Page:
The fight before Christmas
Harry never got along with his wife Claire's parents but the relationship reached breaking point last Christmas when they came to stay for a month. After three weeks of forced jollity and a couple of glasses of Christmas champagne, Harry cracked. He cornered Claire upstairs as she was putting the baby down for a nap.
'He started hissing at me,' Claire recalls. ''Do something! I've had enough, they've got to go, your mum's obsessively uptight and your dad's such a lecturing bore, and Claire, if they make one more comment about the children's behaviour I'll shove them out of the door myself'. He was getting louder and louder. It was so upsetting to have him criticising my parents, especially on Christmas Day, but there was much worse to come. As we walked back down the stairs the whole room was sitting in frozen silence. I could hear the baby crying over the monitor in the living room. They'd heard every word.
'It sounds like a scene from a movie, but when it happens in real life there's no happy Hollywood ending. Relations between my parents and my husband have been strained and difficult ever since.'
Hong Kong psychologist Lesley Lewis says family get-togethers at Christmas often cause friction. 'There can be conflicts that haven't been resolved for years, often there's too much alcohol, which only intensifies feelings, and people forget that not everybody is going to get along. They're getting together because it's Christmas, and some people feel like they are doing it out of obligation and responsibility, not because it's what they really want.'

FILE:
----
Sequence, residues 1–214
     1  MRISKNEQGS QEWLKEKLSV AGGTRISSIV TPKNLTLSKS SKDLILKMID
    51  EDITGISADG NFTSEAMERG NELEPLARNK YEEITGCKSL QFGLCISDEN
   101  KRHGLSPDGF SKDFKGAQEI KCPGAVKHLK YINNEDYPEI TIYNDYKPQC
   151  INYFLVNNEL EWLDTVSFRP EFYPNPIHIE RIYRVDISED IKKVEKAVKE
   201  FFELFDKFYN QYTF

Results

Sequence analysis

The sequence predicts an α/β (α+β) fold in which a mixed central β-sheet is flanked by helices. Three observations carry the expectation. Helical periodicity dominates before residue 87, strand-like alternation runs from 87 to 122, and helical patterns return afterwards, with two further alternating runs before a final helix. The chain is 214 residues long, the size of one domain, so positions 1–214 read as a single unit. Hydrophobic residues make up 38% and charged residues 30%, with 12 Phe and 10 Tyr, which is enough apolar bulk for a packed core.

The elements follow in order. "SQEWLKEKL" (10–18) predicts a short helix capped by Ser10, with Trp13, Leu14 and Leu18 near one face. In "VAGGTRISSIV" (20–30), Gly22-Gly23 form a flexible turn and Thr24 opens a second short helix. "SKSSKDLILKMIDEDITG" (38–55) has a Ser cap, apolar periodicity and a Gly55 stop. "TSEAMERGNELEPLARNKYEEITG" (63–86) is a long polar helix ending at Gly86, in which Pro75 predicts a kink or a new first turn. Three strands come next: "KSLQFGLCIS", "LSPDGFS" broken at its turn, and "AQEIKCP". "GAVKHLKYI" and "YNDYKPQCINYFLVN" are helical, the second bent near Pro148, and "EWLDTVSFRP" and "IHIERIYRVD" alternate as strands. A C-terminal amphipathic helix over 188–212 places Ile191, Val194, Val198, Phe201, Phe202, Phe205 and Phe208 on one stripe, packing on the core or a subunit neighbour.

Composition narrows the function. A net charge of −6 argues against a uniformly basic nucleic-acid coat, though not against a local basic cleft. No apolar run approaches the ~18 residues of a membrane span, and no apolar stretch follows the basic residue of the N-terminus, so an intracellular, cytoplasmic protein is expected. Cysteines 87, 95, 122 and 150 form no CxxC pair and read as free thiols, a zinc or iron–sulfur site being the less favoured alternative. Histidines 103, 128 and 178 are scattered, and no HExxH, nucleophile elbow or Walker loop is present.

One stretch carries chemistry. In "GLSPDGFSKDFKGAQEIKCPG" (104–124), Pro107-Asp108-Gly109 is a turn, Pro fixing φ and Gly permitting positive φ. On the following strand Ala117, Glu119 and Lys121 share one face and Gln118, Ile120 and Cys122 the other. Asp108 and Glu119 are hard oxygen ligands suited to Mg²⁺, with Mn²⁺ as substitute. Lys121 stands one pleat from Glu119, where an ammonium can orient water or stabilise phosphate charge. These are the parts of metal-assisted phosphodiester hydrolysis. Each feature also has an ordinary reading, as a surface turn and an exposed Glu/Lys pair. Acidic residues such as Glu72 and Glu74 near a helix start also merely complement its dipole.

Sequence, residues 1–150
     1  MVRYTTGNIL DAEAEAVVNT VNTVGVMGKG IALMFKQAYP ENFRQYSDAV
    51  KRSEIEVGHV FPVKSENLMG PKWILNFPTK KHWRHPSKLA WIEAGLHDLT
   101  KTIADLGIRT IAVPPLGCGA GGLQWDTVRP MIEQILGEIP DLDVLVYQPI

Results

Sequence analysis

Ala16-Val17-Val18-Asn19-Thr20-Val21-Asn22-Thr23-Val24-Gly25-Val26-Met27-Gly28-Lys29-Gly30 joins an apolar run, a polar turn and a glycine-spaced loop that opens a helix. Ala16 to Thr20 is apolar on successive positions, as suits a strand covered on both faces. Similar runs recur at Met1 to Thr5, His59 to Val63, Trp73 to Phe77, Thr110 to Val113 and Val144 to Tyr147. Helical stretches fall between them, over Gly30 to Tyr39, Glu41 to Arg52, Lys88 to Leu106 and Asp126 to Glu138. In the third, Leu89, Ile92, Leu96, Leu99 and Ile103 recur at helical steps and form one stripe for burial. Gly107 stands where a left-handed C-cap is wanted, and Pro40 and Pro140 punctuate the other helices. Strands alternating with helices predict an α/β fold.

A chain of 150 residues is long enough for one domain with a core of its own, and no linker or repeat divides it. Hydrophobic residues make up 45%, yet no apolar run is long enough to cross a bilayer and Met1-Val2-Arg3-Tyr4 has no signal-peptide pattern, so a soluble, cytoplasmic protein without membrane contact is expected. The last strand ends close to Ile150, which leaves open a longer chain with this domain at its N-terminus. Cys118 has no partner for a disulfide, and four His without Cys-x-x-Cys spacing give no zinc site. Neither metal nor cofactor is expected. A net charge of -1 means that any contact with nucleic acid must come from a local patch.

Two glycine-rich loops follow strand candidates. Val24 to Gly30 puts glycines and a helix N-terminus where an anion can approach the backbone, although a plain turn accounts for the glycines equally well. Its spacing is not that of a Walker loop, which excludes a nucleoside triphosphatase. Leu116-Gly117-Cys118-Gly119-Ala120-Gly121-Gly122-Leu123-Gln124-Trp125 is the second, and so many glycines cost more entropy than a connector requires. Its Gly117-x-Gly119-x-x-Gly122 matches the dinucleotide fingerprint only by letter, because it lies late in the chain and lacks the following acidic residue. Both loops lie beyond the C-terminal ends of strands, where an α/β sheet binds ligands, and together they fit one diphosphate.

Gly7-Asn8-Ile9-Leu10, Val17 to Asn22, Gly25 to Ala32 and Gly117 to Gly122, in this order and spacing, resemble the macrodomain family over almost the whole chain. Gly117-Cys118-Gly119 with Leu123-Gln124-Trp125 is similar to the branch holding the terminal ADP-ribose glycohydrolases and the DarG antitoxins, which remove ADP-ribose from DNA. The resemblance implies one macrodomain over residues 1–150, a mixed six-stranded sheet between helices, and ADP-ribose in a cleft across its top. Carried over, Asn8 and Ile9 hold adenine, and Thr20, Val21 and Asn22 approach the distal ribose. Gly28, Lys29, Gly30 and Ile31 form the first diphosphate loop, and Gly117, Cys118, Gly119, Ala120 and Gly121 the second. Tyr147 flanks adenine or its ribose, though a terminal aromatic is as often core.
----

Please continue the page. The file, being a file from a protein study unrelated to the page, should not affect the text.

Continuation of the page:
Maggie can relate to this. She has spent many Christmases playing mortifying party games at her aunt's home with a gaggle of old relatives and neighbours. 'Embarrassing doesn't even begin to describe it. Fruit was always a big theme. Just imagine having to pass oranges from person to person down a line without using your hands, or apples mouth to mouth with 80-year-old Joe from next door. Or acting out the animal character hidden under your plate - horrible. I wanted the ground to open up and swallow me.'
For many, Christmas family gatherings are characterised by disagreements about moral and political issues.
'Last Christmas my dad and uncle became so furiously heated while arguing about President Bush and the Iraqi conflict that my uncle actually got up and stormed out midway through lunch,' says Mark. 'I have no doubt the argument was fuelled by too much red wine and excitement, and they're friends again now, but it ruined the day for everyone else.'
The question is why do these stories strike a chord with so many of us? Lesley Lewis says: 'There is a huge expectation around the holiday season. It's supposed to be a joyous time, where we are happy, exchanging gifts, and so on. But many people don't feel that way, and the expectation can create a lot of depression. For those who aren't happy, it seems as if everyone else is. Additionally, many people have an established position or role in their family - brother, sister, mother - and sometimes it's hard to break free from it. You walk in, and as far as your family is concerned, you are still whoever you were 10 years ago. Of course, there is also the financial expense. For some families it's very difficult, especially in a city like Hong Kong.'